The antidecaying agent used and its attached amount, heating time, and the methods measuring the wet strength of buried test and the tear strength are the same as in Table 1.

The temperature of the opening upper surface (with which paper is brought into contact) is lower by about 35% than the temperature of the jacket surface; when the temperature of the jacket surface is at a level causing the reaction of antidecay treatment (150 to 160 C.), the temperature of the opening upper surface is at a level of 103 to 108 C., which causes no reaction of antidecay treatment of the paper in contact with the same.

The conditions causing the reaction of antidecay treatment and those causing no such reaction vary with the kind of paper to be treated and the required characteristics also in this case, and hence the proper treating conditions should be set in each case by the way as shown in Table 2. The kind of heating apparatus to be used is not restricted to the one with a jacket 3 coated on a roller heater 1, and a heating apparatus with a jacket 3 covering the under surface of a press-type heating plate 7, as shown in FIG. 3, may also be employed; what is essential is that a paper impregnated with an N-substituted derivative of urea over the whole surface can be heated at a temperature causing the reaction of antidecay treatment and at a temperature causing no such reaction in a single step.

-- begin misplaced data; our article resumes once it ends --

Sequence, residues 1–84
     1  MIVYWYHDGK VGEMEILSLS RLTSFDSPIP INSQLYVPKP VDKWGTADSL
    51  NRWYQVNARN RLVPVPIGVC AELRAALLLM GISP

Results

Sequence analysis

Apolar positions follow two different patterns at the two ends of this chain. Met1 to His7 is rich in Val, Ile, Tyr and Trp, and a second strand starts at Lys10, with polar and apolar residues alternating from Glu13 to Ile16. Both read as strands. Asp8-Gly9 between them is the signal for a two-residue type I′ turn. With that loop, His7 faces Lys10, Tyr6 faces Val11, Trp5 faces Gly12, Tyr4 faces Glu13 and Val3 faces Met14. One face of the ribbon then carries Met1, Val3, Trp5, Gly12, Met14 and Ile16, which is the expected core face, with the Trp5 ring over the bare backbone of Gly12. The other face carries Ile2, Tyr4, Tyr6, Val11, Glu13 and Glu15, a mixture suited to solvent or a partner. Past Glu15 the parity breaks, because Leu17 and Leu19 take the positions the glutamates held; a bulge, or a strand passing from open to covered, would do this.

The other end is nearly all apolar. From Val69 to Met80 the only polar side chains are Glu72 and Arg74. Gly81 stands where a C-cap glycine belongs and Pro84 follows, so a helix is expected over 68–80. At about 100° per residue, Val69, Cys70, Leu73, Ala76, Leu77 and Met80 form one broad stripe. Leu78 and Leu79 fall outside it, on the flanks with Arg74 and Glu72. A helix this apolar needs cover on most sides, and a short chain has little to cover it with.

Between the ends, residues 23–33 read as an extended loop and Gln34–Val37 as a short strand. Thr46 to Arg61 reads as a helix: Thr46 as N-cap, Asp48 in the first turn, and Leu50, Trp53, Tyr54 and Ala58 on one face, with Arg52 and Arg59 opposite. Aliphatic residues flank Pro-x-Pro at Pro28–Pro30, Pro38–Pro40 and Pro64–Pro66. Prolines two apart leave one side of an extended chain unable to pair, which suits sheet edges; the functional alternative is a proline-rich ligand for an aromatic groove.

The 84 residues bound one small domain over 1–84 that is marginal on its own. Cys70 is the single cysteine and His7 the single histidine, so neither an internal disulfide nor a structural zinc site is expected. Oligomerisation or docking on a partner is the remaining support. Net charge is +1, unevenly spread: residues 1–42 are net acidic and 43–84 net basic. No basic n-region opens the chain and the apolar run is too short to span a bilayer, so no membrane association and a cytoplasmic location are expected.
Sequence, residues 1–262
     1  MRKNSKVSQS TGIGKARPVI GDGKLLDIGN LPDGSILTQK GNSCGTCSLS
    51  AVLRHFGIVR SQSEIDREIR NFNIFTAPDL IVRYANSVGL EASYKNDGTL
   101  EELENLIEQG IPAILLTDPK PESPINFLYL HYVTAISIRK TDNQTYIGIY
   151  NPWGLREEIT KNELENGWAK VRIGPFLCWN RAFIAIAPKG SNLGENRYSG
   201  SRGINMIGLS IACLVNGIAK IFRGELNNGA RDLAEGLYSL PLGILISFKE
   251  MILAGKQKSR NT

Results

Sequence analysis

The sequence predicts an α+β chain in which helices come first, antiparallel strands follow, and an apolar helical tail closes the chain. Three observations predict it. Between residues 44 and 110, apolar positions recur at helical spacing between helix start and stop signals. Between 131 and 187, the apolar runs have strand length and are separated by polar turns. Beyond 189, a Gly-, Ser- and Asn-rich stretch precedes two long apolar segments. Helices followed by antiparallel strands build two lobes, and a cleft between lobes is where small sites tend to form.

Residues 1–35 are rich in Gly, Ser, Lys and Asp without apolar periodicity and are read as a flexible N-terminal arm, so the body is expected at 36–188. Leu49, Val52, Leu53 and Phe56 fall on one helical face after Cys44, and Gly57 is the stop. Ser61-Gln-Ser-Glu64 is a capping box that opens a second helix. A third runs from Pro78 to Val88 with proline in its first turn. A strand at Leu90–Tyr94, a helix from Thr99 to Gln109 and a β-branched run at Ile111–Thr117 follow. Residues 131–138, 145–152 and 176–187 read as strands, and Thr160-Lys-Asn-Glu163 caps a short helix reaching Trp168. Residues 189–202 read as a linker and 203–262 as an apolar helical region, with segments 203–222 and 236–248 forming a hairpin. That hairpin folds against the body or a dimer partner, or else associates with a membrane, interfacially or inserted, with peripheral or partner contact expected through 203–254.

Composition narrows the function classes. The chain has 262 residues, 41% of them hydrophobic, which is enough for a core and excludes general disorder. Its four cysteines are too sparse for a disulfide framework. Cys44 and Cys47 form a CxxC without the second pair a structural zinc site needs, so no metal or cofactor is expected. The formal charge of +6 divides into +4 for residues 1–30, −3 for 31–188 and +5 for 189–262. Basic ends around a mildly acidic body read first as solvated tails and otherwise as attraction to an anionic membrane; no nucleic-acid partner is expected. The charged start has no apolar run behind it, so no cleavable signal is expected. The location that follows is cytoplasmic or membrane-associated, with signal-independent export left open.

In addition, a paper made from a fiber blend composed of a natural fiber and a synthetic fiber can also be made decay-resistant by the process of this invention.

The process of making a fiber made from such a fiber blend decay-resistant by an N-substituted derivative of urea was disclosed in Japanese Patent Publication No. 23640/'91, but this prior technique is to make the whole surface of paper decay-resistant and is quite different from the process of this invention to produce decay-resistant paper partly containing decayble portions.